Mecklenberg County, North Carolina, initially leaned toward paying off hackers after it was the victim of a ransomware attack last December, Mark Foster, the assistant county manager, said Wednesday at a cybersecurity conference in Washington D.C. The county’s leaders later reversed their position after assessing their ability to recover, but for the first 12 hours, Foster said, Mecklenberg — which is anchored by Charlotte and is North Carolina’s largest county — was ready to pay the ransom.
“By Wednesday afternoon, we told the hackers to take a hike,” Foster said.
The reversal came in the subsequent 12 hours of the attack, after Mecklenberg officials had reviewed their cybersecurity capabilities, Foster told a group of city and county officials assembled by the Public Technology Institute and the National Association of Counties. Foster said the county had extensive data backups, acted quickly to “pull the plug” from its servers, and organized a crisis team within hours of the hack being discovered.
Plus, Foster reminded the crowd, the Federal Bureau of Investigation’s cybercrime division strenuously advises ransomware victims against paying their attackers’ demands — in this instance two bitcoins, or about $23,000 at the time.
“We had no assurance if we paid they wouldn’t do any further damage or that the magic key would put us back in business,” he said.
The rest of the recovery process Foster described was arduous, but also fairly tidy. Official business was conducted with pencil and paper for a few hours, local media were given daily updates and county IT officials — and their vendors — eventually rebuilt 200 government systems. The entire ordeal wound up costing “less than seven figures,” Foster said. Atlanta, which was hit with the SamSam ransomware virus in March, has spent more than $5 million rebuilding its systems and has been far less upfront with its public.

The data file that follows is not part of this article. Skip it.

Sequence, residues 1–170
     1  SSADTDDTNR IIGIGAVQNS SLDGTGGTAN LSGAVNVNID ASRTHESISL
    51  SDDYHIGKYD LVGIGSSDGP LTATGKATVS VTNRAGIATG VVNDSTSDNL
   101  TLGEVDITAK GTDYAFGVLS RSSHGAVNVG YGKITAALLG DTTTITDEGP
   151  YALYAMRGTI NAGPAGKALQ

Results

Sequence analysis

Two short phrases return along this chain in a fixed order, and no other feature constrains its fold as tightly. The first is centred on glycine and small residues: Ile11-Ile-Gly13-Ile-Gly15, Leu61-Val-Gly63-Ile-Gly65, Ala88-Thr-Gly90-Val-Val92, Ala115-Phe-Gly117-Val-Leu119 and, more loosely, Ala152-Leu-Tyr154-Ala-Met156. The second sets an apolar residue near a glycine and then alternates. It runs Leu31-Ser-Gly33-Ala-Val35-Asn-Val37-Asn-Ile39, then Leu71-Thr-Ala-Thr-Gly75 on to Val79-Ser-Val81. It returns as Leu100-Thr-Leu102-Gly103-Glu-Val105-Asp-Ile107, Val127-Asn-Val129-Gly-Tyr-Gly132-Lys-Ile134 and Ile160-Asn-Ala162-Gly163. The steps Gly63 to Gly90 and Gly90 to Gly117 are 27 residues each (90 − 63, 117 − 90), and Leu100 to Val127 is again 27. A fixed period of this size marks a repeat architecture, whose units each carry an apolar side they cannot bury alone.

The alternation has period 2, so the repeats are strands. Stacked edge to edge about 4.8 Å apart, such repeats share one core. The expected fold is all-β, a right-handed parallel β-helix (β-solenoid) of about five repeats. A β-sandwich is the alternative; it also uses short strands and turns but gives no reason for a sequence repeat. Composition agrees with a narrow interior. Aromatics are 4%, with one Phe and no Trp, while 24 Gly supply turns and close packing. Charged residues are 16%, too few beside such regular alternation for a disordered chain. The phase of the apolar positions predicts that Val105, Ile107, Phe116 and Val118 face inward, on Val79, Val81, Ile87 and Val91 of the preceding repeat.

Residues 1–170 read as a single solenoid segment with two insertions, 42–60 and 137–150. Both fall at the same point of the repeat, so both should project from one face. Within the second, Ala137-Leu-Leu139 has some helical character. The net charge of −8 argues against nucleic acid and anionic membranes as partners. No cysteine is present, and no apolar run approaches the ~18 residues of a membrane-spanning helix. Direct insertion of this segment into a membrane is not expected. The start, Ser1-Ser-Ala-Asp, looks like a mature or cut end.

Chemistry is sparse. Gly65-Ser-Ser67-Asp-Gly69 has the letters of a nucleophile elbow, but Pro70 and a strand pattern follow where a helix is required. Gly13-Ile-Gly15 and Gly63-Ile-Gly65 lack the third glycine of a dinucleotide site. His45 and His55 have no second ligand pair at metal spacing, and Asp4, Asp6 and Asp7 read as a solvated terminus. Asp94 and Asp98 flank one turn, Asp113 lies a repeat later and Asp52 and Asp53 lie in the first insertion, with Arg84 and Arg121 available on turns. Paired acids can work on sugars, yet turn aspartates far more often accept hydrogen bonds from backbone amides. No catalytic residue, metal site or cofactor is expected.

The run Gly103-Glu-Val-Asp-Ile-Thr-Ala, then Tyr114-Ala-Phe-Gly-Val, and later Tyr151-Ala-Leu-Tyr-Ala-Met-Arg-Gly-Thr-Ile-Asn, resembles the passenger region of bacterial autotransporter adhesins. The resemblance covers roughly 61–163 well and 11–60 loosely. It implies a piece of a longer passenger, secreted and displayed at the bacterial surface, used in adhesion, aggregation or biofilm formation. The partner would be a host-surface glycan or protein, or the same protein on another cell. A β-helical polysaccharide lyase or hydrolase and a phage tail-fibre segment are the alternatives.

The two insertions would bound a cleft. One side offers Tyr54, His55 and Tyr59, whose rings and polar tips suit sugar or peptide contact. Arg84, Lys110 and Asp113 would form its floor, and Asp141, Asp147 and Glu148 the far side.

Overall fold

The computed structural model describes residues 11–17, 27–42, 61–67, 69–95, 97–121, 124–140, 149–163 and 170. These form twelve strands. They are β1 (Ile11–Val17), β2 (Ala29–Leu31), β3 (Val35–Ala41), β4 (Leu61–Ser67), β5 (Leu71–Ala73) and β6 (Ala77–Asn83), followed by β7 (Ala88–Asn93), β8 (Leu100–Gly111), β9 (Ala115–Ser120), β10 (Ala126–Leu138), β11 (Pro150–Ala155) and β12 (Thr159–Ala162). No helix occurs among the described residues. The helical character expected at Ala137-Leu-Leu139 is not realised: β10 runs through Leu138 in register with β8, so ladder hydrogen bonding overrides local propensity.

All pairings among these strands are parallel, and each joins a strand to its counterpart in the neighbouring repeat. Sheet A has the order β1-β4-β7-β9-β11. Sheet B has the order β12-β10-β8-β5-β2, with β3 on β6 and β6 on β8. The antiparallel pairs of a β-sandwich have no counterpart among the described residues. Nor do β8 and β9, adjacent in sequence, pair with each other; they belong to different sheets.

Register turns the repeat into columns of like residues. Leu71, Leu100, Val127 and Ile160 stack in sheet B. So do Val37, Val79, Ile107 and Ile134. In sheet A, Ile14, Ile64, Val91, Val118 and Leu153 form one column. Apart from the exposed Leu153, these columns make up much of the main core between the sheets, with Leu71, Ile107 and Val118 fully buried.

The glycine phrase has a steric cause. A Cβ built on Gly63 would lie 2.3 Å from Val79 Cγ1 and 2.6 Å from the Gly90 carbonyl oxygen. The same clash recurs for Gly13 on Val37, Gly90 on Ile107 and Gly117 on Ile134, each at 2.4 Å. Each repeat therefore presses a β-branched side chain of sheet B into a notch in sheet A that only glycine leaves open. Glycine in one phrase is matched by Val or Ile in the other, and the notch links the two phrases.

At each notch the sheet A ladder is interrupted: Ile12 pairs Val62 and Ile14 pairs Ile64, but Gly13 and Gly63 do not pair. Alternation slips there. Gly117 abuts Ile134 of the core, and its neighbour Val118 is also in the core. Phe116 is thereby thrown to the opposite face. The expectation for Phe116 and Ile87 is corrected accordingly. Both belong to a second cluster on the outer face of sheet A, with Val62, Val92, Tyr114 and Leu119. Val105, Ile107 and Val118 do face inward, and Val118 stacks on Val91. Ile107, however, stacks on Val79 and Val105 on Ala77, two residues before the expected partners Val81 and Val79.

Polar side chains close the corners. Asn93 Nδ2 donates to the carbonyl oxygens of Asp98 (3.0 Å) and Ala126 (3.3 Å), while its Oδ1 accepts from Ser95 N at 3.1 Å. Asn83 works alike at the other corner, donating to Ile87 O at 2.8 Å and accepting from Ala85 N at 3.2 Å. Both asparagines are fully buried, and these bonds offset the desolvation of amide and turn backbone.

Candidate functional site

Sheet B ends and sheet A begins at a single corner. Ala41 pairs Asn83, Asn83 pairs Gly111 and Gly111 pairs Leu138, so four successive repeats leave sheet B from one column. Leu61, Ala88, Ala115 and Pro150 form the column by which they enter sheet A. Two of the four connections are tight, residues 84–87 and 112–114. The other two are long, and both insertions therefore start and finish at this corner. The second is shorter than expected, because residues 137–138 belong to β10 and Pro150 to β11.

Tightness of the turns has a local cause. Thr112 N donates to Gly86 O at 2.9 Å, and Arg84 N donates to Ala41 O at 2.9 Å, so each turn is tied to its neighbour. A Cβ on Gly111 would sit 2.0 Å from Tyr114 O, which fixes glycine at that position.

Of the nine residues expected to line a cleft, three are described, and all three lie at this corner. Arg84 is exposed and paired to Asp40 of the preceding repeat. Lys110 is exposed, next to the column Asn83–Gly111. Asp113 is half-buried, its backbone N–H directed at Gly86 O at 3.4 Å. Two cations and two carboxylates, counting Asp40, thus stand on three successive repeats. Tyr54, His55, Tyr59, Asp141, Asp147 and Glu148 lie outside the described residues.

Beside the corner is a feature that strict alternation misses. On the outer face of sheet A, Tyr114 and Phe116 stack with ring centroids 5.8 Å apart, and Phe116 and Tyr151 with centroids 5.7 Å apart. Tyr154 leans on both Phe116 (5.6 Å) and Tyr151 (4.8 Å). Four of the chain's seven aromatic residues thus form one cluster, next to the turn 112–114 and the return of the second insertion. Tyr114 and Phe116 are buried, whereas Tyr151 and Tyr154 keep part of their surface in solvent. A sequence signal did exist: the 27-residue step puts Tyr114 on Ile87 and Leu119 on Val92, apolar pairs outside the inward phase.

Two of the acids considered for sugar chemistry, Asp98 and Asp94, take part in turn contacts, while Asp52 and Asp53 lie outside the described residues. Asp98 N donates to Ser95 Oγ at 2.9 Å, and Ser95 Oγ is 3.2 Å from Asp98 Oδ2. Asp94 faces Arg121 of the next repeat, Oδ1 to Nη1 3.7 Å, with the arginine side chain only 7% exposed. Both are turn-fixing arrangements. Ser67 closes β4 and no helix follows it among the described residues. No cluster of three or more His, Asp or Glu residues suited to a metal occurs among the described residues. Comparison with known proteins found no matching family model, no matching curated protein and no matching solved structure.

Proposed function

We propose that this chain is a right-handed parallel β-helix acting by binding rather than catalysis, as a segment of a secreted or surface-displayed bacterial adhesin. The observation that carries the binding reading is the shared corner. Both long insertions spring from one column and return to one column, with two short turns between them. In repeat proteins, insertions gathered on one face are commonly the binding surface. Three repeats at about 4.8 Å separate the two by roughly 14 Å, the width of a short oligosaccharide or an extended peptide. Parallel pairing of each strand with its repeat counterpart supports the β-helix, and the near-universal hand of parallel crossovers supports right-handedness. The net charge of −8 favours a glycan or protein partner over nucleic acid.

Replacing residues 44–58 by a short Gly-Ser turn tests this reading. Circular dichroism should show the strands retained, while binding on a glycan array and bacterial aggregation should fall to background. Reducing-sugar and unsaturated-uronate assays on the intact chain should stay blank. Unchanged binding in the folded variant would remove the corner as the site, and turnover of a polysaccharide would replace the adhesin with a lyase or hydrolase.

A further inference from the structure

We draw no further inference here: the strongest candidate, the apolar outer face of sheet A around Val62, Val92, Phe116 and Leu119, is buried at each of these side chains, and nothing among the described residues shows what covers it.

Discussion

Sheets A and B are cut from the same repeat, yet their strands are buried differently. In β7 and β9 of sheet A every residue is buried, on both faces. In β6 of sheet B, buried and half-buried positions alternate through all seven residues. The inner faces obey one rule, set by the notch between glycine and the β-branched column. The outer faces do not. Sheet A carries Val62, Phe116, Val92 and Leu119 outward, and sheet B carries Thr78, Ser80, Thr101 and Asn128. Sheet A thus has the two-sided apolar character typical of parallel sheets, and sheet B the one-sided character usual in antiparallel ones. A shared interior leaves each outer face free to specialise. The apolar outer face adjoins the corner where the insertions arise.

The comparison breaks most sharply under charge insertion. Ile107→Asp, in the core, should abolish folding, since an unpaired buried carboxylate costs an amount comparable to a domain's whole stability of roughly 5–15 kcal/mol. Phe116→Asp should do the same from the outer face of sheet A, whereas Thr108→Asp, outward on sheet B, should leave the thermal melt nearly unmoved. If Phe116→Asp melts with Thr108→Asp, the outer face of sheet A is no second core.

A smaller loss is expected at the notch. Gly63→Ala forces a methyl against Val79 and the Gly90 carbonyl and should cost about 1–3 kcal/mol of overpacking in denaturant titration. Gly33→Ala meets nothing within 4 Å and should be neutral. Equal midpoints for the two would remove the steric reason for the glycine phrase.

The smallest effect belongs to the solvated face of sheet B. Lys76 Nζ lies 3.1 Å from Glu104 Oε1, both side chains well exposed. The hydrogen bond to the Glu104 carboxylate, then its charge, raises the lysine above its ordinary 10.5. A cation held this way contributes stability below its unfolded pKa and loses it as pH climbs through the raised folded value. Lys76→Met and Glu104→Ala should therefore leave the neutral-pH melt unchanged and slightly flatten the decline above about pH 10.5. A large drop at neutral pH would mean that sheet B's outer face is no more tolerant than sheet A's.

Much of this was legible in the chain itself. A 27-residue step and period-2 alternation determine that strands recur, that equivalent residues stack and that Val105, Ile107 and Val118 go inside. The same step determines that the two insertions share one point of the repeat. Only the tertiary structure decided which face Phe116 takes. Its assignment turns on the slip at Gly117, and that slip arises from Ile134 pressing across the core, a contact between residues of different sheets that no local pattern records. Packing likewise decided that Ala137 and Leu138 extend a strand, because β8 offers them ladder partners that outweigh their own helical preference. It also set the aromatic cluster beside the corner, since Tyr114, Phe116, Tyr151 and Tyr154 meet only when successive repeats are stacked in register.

But ransomware is also so 2017, said Joel Esler, a project manager at Cisco’s threat-intelligence division, Talos.
“How many people have been affected by ransomware in the last month?” Esler asked the room. “No one.”
Instead, Esler said, the new trend in cyberattacks is hackers co-opting systems for surreptitious bitcoin mining, also called cryptojacking. All the victims notice, if they notice at all, is that their computers’ central-processing units run a bit hotter than normal. But ransomware might weirdly have a positive legacy, he added.
“I would argue ransomware was the best thing for security ever,” he said. “It brought awareness to cybersecurity.”
Cryptojacking, however, is much harder to detect than a bug that visibly locks out users from their networks. While there are no confirmed cryptojacking attacks against state or local governments in the United States, cryptojackers have successfully co-opted government systems in Australia and a number of corporate victims, like Showtime. Attacks can also be delivered through mobile apps, such as software pretending to be the wildly popular video game “Fortnite.”
The upshot, Esler said, is that the current wave of cyberattacks is much harder to detect.
“The bad guys are now using your computers to mine coins for them,” he said. “So what’s the cost to you other than CPU usage? That’s why you don’t freak out anymore.”